“Jones,” returns the laconic stranger, with as little surprise and hesitation
as though this were the identical inquiry he had been constantly answering from infancy.
“Oh,” rejoins Rep, rather feebly, for want of that more appropriate remark which does not suggest itself.
There is silence for some time after this little bit of verbal fencing, and the train flies on southward. Then the man in the dissipated tie leads off again upon a new round.
“You’re quite sure your name’s Smith, aren’t you?” he asks, pointing the question straight into Rep’s eyeballs with a quick, bird-like jerk of his head, and a sharp glance out of his own beady orbs.
“Quite,” rejoins Rep, all his former discomfiture returning with redoubled strength. “Why?”
He is in so much trepidation now that he almost chokes himself with the enquiry, and the stranger grins at him in sardonic delight.
“All right,” he replies, coolly.” Because mine ain’t Jones.”
“Not Jones!” falters Rep, a prey to all manner of awful terrors.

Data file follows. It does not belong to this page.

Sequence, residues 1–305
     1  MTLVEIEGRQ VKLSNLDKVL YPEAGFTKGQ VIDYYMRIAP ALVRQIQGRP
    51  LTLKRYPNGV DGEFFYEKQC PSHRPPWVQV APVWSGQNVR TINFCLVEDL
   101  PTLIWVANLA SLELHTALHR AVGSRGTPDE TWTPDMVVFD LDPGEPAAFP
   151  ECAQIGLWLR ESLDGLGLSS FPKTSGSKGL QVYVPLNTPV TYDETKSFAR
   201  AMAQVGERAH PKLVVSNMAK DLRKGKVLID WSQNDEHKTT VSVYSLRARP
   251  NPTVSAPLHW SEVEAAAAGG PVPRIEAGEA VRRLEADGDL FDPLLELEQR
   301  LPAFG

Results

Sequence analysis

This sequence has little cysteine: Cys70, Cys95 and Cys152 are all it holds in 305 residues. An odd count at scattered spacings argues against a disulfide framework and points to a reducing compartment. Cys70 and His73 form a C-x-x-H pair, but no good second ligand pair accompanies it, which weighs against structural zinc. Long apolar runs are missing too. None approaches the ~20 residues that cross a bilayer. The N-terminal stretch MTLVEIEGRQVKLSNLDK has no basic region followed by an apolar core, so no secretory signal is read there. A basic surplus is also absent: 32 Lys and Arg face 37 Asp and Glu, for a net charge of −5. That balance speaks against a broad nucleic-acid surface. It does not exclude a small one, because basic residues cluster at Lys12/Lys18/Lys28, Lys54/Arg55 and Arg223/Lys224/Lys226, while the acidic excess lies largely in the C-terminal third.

“Nor anything like it,” returns the strange man, decisively.
“Then why did you tell me it was?” inquires Rep, not unnaturally for he is beginning to lose a little of his discomposure now in a sense of rising indignation at so much gratuitous impertinence.
“Because,” answers the other again, actually winking upon his fellow-traveller, “I thought one good turn deserved another. By the by,” he continues, taking out the meerschaum once more, and striking a fusee on the heel of his boot, “you don’t smoke, do you?”
Rep is strongly tempted in his reply to be personal towards the quality of the stranger’s tobacco, but he restrains the words on his lips, and contents himself with a brief negative.
“Thought not,” says the stranger, coolly. “Hope you won’t mind me.” Then after a little pause of unctuous enjoyment,
“You’re going to London, of course – right away?” This is said so decisively that it sounds more like an assertion than an enquiry, and Rep instinctively conscious of the fact, proffers no answer. “Well,” continues the smoker, puffing out his information in sudden splenetic detachments,
“I ain’t, I’m going to Liverpool, ‘cause I’m due for America.”